Devastating Roe v. Wade Decision; West Seattle Bridge Update; Seattle Police Department 911 Call Handling Update; Fireworks; Council Begins Considering Park District Funding; Free Activities in South Park Summer of Safety

Devastating Roe v. Wade Decision

This morning’s Supreme Court decision overturning Roe v. Wade is devastating to many millions of women and pregnant people who will be unable to access basic healthcare and be forced into decisions that endanger their safety and lives.  Nearly 1 in 4 people who can become pregnant will have an abortion in their lifetime.  Now, for very many, seeking that abortion will be simply out of reach due to the expense, the time off required to travel to a different state, the misinformation, and the fear.

The burden of not having access to comprehensive health services without having to travel to another state, will fall hardest on poor women, girls, and transgender and gender nonconforming (TGNC) people, especially those who are Black, Indigenous, or people of color (BIPOC).  This decision will result in more poverty, death, and abandoned dreams for those who live in states that outlaw their basic healthcare.  You can learn more about how abortion access is more difficult for some in this blog post from Seattle’s Office for Civil Rights: Abortion access and reproductive justice – Civil Rights Now (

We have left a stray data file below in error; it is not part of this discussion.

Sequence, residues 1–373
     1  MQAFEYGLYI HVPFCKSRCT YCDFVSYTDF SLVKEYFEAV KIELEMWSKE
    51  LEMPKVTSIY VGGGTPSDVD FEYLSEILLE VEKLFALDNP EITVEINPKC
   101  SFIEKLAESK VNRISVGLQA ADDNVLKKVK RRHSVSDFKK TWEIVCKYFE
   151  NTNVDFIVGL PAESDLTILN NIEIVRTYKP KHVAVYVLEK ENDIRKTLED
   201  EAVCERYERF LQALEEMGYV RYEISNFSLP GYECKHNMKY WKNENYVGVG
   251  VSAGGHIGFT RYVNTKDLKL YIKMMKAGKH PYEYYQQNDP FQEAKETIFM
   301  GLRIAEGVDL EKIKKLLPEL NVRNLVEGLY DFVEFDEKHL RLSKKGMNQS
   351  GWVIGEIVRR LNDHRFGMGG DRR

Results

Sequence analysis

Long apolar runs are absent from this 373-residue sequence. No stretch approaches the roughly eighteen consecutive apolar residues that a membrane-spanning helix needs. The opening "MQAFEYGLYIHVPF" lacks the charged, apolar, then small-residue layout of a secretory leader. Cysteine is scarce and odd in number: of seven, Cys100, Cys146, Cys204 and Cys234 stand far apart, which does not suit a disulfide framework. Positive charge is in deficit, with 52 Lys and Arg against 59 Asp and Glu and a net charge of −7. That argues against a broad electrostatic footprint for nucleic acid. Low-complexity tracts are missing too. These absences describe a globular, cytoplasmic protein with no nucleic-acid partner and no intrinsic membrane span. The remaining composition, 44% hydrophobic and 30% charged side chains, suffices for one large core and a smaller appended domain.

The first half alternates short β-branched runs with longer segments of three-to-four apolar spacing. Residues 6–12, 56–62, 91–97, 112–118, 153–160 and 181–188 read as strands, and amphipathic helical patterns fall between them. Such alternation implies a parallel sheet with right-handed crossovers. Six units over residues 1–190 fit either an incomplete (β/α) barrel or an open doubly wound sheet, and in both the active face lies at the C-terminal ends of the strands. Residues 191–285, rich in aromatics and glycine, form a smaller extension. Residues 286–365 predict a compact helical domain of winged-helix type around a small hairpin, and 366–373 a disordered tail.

Since the draft decision was leaked in May, I have been working with Public Health and abortion advocates to understand what action may be needed at the city level in a post-Roe future.  My amendment to Council’s Resolution in support of abortion access called for funding “organizations that deliver programs and services in support of abortion care and access, such as the Northwest Abortion Access Fund and independent abortion clinics.”  I am grateful that Mayor Harrell’s announcement today indicates he included $250,000 in supplemental budget legislation for this purpose, which Councill consider in the next several weeks.  I pledge to keep fighting for greater abortion access in our city.

I pledge to also keep working on supporting the state Keep Our Care Act (SB5688/HB1809), which would prevent health system consolidations from moving forward if they negatively impact communities’ access to affordable quality care, including reproductive, end-of-life, and gender affirming care.  Axios reports that “at least two recent hospital mergers have led to changes in the availability of abortion in Washington.”